More On: Multiculturalism
Multiculturalism is not just a 'different kind of culture,' but rather a way of life.
"One people in isolation is not aware of having a 'culture' at all," T.S. Eliot wrote in his largely forgotten work Notes Towards the Definition of Culture. I resided in western New York until I was twelve years old. After that, my family spent a few years in South Carolina. Because everything was so different from what I had seen previously, I was immediately conscious of the aspects of Southern culture. But I didn't realize I had a culture of my own; I just thought Southerners were crazy (in terms of how they spoke, ate, and dressed). We returned to Rochester when I was 15, and for the first time, I realized that Western New York had a culture as well. Things that would have been entirely commonplace as a child now struck me as distinct (the way we talked, what we ate, and what we wore) and unique to a certain group of individuals in a specific location. This is the phenomenon that Eliot discusses: "culture" only becomes a source of worry after a cultural encounter.
Notes Towards a Definition of Culture was released shortly after World War II ended. Eliot believed that the modern Western society had become more "culture-conscious," and that this trend "nourishes Nazism, communism, and nationalism all at the same time." He regarded cultural awareness as a geopolitical threat. Unfortunately, he was opposed by the majority of Western elites.
In the years following WWII, Western thought pushed the broad premise that cultural diversity is an inherent good that society should conserve and preserve. Plurality has been a component of the American endeavor since its creation, but as the twentieth century advanced, a new ideology superseded the conventional notion of pluralism. The traditional concept of "toleration" (a word that meant that while cultural variation is permissible, it may be undesirable) was attacked. Tolerance of difference has been recast as a type of soft bigotry. Tolerance was no longer enough; differences had to be embraced and appreciated.
Pluralism, which had previously been a political principle, was thus recast as a moral principle. The extent to which a person's identity diverged from cultural standards was increasingly seen as crucial to an individual's value to liberal society. This mindset gave birth to the secular credo "our variety is our strength," which now resonates in every major institution of American life.
Political philosopher Allan Bloom recognized a "fundamental tension between liberal society and culture" in his book The Closing of the American Mind. The irony here is that the most politically "liberal" elements of our society are often regarded as the most "cultured" in the bourgeois sense. Because popular culture now imitates the tastes and fashions of the urban elite, public culture in the United States was greatly liberalized in the second part of the twentieth century. It is now obvious that "liberalization" affected not only the character of American culture, but also the general understanding of the term "culture." Unfortunately, this new understanding of culture has systematically harmed the preservation and transmission of American culture.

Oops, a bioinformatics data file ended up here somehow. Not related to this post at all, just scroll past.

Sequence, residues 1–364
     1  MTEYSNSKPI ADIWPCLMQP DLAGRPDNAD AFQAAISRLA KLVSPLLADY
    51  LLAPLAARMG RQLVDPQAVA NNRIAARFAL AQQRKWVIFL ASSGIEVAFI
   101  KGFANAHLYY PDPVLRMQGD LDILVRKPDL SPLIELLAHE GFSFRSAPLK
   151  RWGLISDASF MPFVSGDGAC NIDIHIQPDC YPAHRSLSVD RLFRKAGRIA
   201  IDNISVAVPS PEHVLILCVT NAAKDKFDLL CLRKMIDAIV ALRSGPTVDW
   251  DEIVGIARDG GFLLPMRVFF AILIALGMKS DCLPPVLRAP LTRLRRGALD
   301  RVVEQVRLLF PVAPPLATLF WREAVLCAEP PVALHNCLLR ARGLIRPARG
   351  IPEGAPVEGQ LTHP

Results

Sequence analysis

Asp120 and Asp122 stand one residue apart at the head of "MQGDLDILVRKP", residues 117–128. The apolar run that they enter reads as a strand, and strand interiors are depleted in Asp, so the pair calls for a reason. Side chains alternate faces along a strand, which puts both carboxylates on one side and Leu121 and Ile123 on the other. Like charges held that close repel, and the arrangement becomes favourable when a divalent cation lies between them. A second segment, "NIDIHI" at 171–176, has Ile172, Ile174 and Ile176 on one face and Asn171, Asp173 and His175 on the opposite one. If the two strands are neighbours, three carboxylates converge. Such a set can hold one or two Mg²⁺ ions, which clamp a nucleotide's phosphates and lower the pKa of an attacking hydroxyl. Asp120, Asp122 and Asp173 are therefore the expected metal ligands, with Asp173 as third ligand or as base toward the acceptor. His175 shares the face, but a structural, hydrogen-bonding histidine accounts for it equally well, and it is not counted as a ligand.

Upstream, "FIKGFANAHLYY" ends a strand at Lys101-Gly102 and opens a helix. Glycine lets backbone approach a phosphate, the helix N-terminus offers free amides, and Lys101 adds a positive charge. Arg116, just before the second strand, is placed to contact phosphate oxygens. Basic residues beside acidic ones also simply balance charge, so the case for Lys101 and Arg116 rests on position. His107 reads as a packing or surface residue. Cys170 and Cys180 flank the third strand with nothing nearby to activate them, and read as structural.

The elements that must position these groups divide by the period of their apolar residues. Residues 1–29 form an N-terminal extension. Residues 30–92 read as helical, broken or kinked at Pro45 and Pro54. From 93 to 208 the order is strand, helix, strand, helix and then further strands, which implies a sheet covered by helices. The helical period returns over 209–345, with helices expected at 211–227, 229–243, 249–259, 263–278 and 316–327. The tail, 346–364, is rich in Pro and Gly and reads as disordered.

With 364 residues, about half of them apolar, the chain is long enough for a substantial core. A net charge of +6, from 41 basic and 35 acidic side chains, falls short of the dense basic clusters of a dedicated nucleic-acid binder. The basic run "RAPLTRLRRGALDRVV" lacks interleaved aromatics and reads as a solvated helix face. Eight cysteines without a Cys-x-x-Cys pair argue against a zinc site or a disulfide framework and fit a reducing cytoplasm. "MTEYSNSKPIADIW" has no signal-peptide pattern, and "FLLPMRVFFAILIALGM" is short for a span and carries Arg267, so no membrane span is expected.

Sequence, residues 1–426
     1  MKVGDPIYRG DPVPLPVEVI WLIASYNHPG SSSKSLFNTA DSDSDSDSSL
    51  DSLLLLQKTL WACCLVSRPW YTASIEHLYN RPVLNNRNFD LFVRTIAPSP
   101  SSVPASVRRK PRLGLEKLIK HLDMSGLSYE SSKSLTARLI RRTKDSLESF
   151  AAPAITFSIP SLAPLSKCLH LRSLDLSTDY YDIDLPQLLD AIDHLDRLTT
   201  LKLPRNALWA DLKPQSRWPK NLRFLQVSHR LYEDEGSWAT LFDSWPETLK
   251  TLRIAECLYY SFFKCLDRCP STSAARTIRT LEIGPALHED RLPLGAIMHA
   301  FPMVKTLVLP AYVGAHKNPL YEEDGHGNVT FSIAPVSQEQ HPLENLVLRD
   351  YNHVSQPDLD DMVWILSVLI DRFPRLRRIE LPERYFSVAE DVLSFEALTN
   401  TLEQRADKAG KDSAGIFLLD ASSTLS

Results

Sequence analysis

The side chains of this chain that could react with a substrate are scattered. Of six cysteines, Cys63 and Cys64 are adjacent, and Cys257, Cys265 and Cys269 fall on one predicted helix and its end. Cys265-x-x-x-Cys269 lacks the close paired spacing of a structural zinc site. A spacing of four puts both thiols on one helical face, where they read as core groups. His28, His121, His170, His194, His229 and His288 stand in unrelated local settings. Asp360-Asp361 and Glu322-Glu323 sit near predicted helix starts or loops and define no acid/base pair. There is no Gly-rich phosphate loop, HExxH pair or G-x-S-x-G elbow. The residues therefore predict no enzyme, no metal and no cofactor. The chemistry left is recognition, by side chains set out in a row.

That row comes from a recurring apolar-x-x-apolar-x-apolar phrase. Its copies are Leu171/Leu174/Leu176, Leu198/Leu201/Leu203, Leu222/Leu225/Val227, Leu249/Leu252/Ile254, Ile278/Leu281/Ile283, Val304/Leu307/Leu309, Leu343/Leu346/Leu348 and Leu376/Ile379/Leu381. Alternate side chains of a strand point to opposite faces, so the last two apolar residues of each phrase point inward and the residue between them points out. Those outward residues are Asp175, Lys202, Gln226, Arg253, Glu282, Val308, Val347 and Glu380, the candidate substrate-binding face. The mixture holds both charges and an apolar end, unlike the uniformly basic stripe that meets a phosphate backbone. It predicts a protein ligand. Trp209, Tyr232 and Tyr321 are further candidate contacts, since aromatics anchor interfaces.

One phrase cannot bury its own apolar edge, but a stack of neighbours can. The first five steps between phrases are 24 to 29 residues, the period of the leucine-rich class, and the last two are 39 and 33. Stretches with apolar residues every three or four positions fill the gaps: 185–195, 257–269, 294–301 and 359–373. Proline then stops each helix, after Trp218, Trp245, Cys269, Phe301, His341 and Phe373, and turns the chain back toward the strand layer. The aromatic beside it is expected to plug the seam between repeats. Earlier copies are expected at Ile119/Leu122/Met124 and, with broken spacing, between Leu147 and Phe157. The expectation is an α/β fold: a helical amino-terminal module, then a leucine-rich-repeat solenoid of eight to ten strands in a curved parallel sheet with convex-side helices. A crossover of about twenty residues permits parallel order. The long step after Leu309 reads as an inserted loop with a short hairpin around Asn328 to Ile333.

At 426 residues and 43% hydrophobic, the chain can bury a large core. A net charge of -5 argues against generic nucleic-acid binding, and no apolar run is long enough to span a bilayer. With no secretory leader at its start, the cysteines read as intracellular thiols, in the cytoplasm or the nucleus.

The operating concept of culture in the past was unity. Culture was defined as the sum of the commonalities discovered among a group of people in a certain place and time. In contrast, most Americans today regard "culture" as an individual rather than a group quality. We hear a lot about "my culture," but not so much about "our culture," implying that "my culture" differs from the majority in some way. Culture is today believed to be more important for its differences than for its similarities. In today's America, it's fashionable to declare these distinctions in public. It's how to be someone, and if there's one thing that Americans have in common, it's our attachment to the cult of individualism and self-fashioning rituals.
These advances have had the cumulative effect of turning the concept of culture inside out. Because we meet displays of individual uniqueness so frequently, we are hyper-aware of culture (our own and others'). It's become a way of life, a shared routine that passes for common culture but fails to fulfill its unifying function. It fails to build a "nation" because it fails to produce one people out of many people. This raises an important question: Can a society based on individual expressions of diversity survive?
If a rise in cultural consciousness was to blame for the twentieth-century disasters, the West had learnt the wrong lessons. As Eliot observed, cultural awareness grows as one's exposure to cultural differences grows, and increased cultural awareness has a negative impact on social cohesion. In other words, the liberal mindset, which reimagines "unity" as a multicultural coexistence, poses a challenge to national identity.
Postwar elites believed that there was simply not enough manifestation of diversity to support assimilation. People would learn to respond to other cultures in more affirming ways if residents were encouraged to focus their own identities on the elements that distinguish them from the majority, the theory held, guaranteeing that a catastrophe like the Holocaust would not be repeated. This viewpoint has been formalized and established as ideology by 1990. "Multiculturalism" was the term used.
Multiculturalism asserts that a society that values all individuals as intrinsically valuable is superior to one that does not. The more individual differences are asserted, the more "inclusive" and hence better the society becomes, according to this argument. This means that the responsibility for maintaining a common culture rests solely on citizens' willingness to prioritize multiculturalism above all else.